3) Ensure portfolio alignment
Patents do not carry any inherent value unless or until they create economic benefit to your business. That said, every patent should be well aligned with your company’s overall business strategy and objectives. This becomes particularly critical with foreign filings. It is not worth investing in a landscape where you don’t want to expand your business. It bears investigating and performing a detailed SWOT analysis on your competitors, the current state and maturity of the relevant industry, and the market share the patents can potentially capture, to aid in renewal decisions.
4) Conduct cost forecasting for renewals
From the time a patent is granted, the renewal cost gets doubled and tripled over years as it ages. This trend calls for a forecast of all the associated costs, such as the law firm fee, government fee corresponding to your entity type, and foreign associate and local agent fees in case of foreign renewals. When you fail to renew and there is no justifiable reason for the delay, you may put your patent in risk because some countries do not allow you to renew even if you have delayed the payment for unavoidable reasons. Hence, it is equally important to have the late or penal fee details for each jurisdiction, as this will come handy in case of any unforeseen delays.
5) License of Right or LOR
Another way to reduce the renewal costs in the foreign jurisdictions is the License of Rights (L.O.R.), especially if you are a large entity. Though not many countries allow this method, including EPO, some countries like Germany, U.K., and France to name a few, still allow this with some slight changes. In this way, you can reduce your maintenance costs by as much as 50% in countries like the United Kingdom. When you think that your patents are no more part of your core technology, or they don’t contribute any major value to your key business objectives, you can have your patents endorsed for L.O.R. to any interested parties on those locations.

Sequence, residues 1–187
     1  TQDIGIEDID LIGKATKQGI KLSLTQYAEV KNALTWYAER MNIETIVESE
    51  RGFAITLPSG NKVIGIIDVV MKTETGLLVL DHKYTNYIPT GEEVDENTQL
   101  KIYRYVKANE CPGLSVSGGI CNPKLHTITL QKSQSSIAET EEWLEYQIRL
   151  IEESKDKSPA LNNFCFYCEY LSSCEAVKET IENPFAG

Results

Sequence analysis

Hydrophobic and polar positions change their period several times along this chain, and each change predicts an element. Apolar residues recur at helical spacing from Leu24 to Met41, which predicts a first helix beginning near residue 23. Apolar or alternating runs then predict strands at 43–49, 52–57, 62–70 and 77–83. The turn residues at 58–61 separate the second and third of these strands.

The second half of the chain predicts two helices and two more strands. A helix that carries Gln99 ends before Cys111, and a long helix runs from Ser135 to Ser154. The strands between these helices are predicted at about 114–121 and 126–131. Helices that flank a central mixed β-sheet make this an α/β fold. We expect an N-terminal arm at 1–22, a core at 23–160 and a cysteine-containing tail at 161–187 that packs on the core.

6) Paying future maintenance fees in advance
If you believe your patents are the crux of your monetization strategy and will continue to be so for the next few years, then it makes sense to pay the maintenance fees at least for a couple of window periods in advance. While countries like India, South Africa, and Canada permit this option to make advance payments, it is not the case with the USPTO. In the U.S., the Secretary of Labor does not permit the advance payment of maintenance fee according to 35 U.S.C. 41(f). It mandates the maintenance fee to be adjusted on October 1 to reflect any fluctuations during the previous 12 months with the Consumer Price Index (CPI).
Despite the fact that these best practices will surely save you a lot of money with your renewals, it is prudent to not to file a patent first if you could not foresee any value out of it. Patent maintenance has always been a challenging and a time-intensive task. Having said that, bringing together the Patent Review Committee, Outside Counsel, and your renewal services provider as and when needed, along with a periodic IP audit will give you a lot of insights and control over your renewal decisions.